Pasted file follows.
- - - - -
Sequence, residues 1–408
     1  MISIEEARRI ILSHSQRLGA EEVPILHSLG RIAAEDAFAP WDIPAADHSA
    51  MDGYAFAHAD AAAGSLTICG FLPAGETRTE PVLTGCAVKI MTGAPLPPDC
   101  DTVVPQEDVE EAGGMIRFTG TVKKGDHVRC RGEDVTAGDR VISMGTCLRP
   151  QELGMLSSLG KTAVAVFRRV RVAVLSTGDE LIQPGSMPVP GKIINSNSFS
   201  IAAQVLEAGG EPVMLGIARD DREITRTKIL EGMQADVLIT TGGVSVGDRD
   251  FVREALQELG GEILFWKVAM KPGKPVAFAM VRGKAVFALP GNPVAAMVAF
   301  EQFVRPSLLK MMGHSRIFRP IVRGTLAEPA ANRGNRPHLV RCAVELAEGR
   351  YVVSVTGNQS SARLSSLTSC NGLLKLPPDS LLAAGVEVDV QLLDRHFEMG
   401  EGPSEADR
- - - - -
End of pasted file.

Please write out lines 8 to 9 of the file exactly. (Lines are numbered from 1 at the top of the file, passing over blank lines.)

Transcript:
   301  EQFVRPSLLK MMGHSRIFRP IVRGTLAEPA ANRGNRPHLV RCAVELAEGR
   351  YVVSVTGNQS SARLSSLTSC NGLLKLPPDS LLAAGVEVDV QLLDRHFEMG